RESEARCH TRIANGLE PARK, N.C. — Two Army-funded scientists won a 2023 Nobel Prize for research that has potential use in advanced sensors, secure communications and enhanced imaging.
Professor Ferenc Krausz won the Nobel Prize in Physics for his work in attosecond lasers, which was expanded in scope with the support of the U.S. Army Combat Capabilities Development Command Army Research Laboratory. Professor Moungi Bawendi, a researcher with the Army’s Institute for Soldier Nanotechnologies, won the Nobel Prize in Chemistry for his work on techniques to generate quantum dots of uniform size and color.
With a modest Short-Term Innovative Research grant from ARL’s Army Research Office in 2015, Krausz, a researcher at the Max Planck Institute of Quantum in Germany, conducted research on attosecond lasers that provided fundamental insights into the behavior of electrons in atoms, molecules and solids.
An attosecond is one quintillionth of a second, making attosecond lasers capable of generating extremely brief bursts of light, which is essential for studying and manipulating ultrafast processes at the atomic and subatomic levels.
Krausz won the prize along with two colleagues, Professor Pierre Agostini at Ohio State and Professor Anne L'Huillier at Lund University in Sweden. Their researcher demonstrated that these extremely short pulses could be used track the movement of individual electrons.
The ability to understand and control ultrafast processes could lead to the development of advanced sensors for detecting chemical and biological agents, explosives, and other threats. It also could result in the design of new materials and enhance quantum technologies for secure communication and quantum computing.
"This prestigious award underscores the critical role of DEVCOM ARL’s extramural initiatives in recognizing and supporting world-leading research at its inception," said Dr. Barton H. Halpern, ARO director, ARL. “Congratulations to Dr. Krausz on this tremendous achievement.”
Bawendi, an ISN principal investigator and member of the faculty at the Massachusetts Institute of Technology, shares the prize with Louis Brus of Columbia University and Alexei Ekimov of Nanocrystals Technology, Inc. The researchers were honored for their work discovering and synthesizing quantum dots, tiny particles of matter that emit exceptionally pure light.
The team revolutionized the chemical production of quantum dots, resulting in almost perfect particles.
Quantum dots are governed in part by the laws of quantum mechanics that describe how atoms and subatomic particles behave. When illuminated with ultraviolet light, the dots fluoresce brightly in a range of colors determined by the sizes of the particles.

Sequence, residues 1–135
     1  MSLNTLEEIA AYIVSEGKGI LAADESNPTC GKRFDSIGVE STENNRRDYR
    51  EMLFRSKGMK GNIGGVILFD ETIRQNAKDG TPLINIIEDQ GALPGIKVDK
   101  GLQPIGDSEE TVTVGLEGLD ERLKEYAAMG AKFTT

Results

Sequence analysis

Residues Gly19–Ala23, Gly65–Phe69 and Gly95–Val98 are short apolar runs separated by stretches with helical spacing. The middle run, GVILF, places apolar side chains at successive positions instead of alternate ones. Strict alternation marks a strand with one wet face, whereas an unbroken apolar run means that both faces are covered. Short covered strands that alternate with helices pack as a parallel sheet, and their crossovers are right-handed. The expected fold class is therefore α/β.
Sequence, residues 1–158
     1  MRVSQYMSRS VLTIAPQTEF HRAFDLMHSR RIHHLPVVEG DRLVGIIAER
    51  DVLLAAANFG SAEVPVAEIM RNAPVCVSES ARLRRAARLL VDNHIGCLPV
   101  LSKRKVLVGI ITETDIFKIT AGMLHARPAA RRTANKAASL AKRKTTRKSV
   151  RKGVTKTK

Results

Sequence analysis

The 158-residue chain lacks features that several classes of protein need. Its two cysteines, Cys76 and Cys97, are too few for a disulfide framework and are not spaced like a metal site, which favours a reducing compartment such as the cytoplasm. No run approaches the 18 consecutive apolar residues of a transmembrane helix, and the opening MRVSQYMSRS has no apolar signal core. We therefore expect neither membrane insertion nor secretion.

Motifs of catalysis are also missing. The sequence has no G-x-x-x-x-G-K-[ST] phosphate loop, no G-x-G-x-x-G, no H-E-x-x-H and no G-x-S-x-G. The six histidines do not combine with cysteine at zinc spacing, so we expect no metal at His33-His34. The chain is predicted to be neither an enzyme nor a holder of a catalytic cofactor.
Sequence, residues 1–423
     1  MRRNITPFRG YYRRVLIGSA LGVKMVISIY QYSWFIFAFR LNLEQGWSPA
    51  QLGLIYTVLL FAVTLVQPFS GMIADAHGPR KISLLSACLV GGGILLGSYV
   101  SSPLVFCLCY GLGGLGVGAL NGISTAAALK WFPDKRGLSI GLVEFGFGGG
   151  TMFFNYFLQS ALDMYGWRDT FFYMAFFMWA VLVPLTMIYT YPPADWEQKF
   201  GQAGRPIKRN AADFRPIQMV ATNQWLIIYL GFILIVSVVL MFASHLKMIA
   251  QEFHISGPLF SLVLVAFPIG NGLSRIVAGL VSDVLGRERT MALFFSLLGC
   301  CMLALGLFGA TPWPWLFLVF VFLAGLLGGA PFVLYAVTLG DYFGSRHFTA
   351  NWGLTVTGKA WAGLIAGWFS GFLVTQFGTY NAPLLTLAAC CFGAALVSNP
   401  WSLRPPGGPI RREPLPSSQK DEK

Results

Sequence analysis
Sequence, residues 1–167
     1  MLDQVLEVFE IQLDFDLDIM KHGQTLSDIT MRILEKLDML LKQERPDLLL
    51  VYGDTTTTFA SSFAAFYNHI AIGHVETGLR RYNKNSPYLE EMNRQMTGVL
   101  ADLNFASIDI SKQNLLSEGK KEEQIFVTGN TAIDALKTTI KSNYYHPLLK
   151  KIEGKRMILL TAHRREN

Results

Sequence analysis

Quantum dots are now used in many types of biomedical imaging, as well as computer and television displays, and they also hold potential in fields such as photocatalysis and quantum physics.
Scientists are now exploring applications that include imaging technologies, advanced energy storage devices, quantum computing and nanomaterials with unique properties.
In recent years, Bawendi’s lab has also developed quantum dot-based spectrometers that are small enough to fit inside a smartphone camera. Such devices could be used to diagnose diseases, especially skin conditions, or to detect environmental pollutants.
Bawendi has been a member of the ISN faculty at MIT since its founding in 2002. It was through the ISN that he received his first Army funding and began research to address Soldier needs. The U.S. Army established the ISN as an interdisciplinary research center to dramatically improve protection, survivability, and mission capabilities of the Soldier and of Soldier-supporting platforms and systems.
“For more than 20 years, through the ISN, the U.S. Army, DEVCOM ARL and its Army Research Office, have helped to fund many of the achievements that led to this most prestigious award,” Halpern said. “We’re proud to have been a small part of this tremendous success. Congratulations to Dr. Bawendi on this outstanding recognition.”
In its more than 70-year history, ARO-funded projects have resulted in 26 researchers becoming Nobel Laureates.
As the Army's foundational research laboratory, ARL is operationalizing science to achieve transformational overmatch. Through collaboration across the command’s core technical competencies, DEVCOM leads in the discovery, development and delivery of the technology-based capabilities required to make Soldiers more successful at winning the nation’s wars and come home safely. DEVCOM Army Research Laboratory is an element of the U.S. Army Combat Capabilities Development Command. DEVCOM is a major subordinate command of the Army Futures Command.